Director: Jerome Sabledownload
Screenplay: Jerome Sable
Starring: Minnie Driver, Allie MacDonald. Meat Loaf, Douglas Smith
Producer: Ari Lantos, Jonas Bell Pasht.
Country: Canada
Running Time: 98 min
Year: 2015
BBFC Certificate: TBC

I’m hoping for another ‘Suck’, will Stage Fright deliver, as it discordantly lurches between Glee and ‘Michael Myers’?

Kylie Swanson (Minnie Driver) plays to a packed house in the stage show ‘The Haunting of the Opera’. Kylie is the up and coming star and Roger McCall (Meatloaf) is her producer. The world is at her feet as the audience give her a standing ovation. Unfortunately events take a turn for the worse, after the show a white masked assailant seduces Kylie and quickly gets to work hacking her to death amidst glorious gouts of blood.

Leap ten years on and we find ourselves in a musical parody of Glee packed with overly kitsch songs regarding the hardships of being theatrical. Kylie’s daughter, Camilla (Allie MacDonald) and son, Buddy (Douglas Smith) are working at a children’s camp which has been set up by “has been” Roger McCall. Camilla and Buddy have lowly jobs working in the kitchen but Camilla wants more, she wants a lead part in this year’s summer camp production, a new version of ‘The Haunting of the Opera’.

Camilla takes the audition for this year’s summer camp show, her performance is mesmerising, even though she is the camp cook and should not be allowed to audition over the other paying campers. Interestingly, the jolly Glee kids are creepier than many a horror movie monster, in their struggle to be stars, even Camilla’s sacred picture of her murdered mother is destroyed, by an unknown thespian. Amidst the unsettling atmosphere, a mystery is beginning to develop, there is a psycho creeping around the camp, could it be shunned lighting guy or creepy maintenance bloke?

Camilla has landed her role in the play but the slimy director Artie Getz (Brandon Uranowitz) still wants extra favours. Camilla must surrender to his advances otherwise he won’t be putting her name forward as lead role. His behaviour has certainly offended someone because fairly soon he’s dodging falling stage lights and we are delighted with some chiropody-gore. A metal sound-track livens up the mood and we can enjoy the demise of slimy pervert director by gruesome light bulb death. The death of the director is soon the talk of the camp, Camilla and the other kids are shaken up by the grisly death and don’t want to go on with the show. Roger bursts into song and gets the kids to carry on with the performance, putting the stage show before his responsibilities to phone the cops.


Roger is keeping the stage show on, as planned, because a big cheese producer, Victor Brady is driving from the city to review the show; this could be Roger’s big break and his last chance to get back into the big time. Unfortunately for just about everyone the deranged mask wearing loon is on the prowl, touting some funny one-liners, nailing a girls head in Pinhead style, exclaiming “Nailed It” and boiling another in a scalding hot shower exhorting “Let me help you warm up”. It’s hard to keep up with the body count at this point, they are piling up fast and furious, intermingled with heavy metal and plenty of blood-splatter, and we have stepped up a gear.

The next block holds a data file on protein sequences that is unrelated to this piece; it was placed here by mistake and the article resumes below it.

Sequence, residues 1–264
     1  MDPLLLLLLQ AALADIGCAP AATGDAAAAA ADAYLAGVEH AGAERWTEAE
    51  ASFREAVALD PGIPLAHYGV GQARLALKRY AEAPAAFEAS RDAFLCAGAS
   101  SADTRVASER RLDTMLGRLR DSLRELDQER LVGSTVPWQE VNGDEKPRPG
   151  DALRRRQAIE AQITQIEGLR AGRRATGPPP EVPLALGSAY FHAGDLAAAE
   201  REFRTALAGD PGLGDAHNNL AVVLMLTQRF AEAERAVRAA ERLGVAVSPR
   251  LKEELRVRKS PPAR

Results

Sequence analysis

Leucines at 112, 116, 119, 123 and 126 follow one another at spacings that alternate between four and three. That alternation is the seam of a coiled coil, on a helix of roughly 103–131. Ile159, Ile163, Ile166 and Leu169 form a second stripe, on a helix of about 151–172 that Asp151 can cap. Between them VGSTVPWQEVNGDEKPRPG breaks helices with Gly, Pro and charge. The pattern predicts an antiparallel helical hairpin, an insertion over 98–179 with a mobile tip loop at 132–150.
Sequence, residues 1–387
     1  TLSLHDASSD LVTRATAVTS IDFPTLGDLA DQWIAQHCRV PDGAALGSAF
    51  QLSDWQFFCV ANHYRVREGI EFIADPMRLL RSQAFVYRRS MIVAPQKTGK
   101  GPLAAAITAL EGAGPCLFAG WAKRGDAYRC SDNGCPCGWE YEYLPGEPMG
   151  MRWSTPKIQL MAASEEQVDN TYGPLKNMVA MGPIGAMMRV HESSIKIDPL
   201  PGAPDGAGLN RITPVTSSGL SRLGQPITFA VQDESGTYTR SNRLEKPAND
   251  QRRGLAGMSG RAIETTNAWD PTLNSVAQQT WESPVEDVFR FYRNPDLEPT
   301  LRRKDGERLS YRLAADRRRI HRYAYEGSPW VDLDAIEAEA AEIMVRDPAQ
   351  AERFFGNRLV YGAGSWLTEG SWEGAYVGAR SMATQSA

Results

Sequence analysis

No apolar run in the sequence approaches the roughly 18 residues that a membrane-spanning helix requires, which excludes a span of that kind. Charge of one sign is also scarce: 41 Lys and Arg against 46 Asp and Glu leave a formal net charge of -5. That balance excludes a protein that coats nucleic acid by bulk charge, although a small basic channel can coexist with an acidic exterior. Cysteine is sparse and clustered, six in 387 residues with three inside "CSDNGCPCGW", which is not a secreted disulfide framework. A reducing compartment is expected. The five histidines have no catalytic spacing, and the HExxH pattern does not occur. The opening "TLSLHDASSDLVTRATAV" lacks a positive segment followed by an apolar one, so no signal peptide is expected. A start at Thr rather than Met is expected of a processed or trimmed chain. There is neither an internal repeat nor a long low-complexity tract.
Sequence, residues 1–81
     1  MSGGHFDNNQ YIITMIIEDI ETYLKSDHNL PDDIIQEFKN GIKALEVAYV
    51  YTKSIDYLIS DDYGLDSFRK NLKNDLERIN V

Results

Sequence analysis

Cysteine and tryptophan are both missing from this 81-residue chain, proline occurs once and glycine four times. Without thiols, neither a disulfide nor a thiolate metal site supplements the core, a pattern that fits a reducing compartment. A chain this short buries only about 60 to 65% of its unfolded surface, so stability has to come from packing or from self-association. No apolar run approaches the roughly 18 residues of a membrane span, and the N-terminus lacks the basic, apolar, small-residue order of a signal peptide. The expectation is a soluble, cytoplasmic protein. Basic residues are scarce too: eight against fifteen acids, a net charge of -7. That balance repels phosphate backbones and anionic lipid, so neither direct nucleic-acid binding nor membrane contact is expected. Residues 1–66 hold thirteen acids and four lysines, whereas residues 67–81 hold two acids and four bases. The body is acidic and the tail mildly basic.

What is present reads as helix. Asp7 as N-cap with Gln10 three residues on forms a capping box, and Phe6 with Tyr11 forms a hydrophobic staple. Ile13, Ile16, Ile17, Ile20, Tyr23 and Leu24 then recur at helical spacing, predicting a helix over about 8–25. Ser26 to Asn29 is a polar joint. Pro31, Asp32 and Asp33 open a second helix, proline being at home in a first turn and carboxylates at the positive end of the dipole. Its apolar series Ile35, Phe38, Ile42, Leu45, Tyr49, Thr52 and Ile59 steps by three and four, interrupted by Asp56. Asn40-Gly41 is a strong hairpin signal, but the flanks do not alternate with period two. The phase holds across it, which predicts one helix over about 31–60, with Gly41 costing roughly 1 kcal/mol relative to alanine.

As we head towards the grand finale, even the masked freak has a song, we leap from one escape to another as Roger gets bound to a chair, Camila de-masks the slasher and the slasher strangles Roger.  In amongst all the chaos we find out what and who is behind all the bloodshed, this night is to be dubbed ‘The Centre Stage Massacre’.

It’s been a year since the infamous ‘Centre Stage Massacre’ and Victor Brady gives us some useless advice “You can’t change the past, but what you can do, to move forward, do just this, do a musical”. Camilla is on stage where she feels she belongs, following in her mother’s footsteps, but  we are left wondering if all is going to end well, as she flashes back to the slashing kook, leaving us uncertain of Camilla’s future.

There are some amusing references to Texas Chain Saw Massacre, The Crow, Carrie and more. Some have criticised the horror homages, but this is part of horror and something I always enjoy. The acting is faultless and there is some highly enjoyable splatter, ‘Dexter’ would be proud, the glee-slasher mishmash is also a great concept. This cross genre is always a brave move and I get it, but did it hit the mark, for me, it fell a bit short, but maybe I’ve set the bar too high, as it looked so promising.

The singing and theatrics mix with slasher was always going to be a tricky one and still worth a watch if you want something different, it certainly stands out from the crowd.

Stage Fright is out on DVD in the UK on 26th January 2015. I watched it on a Vimeo link so I can’t comment on the picture/audio quality or the special features.

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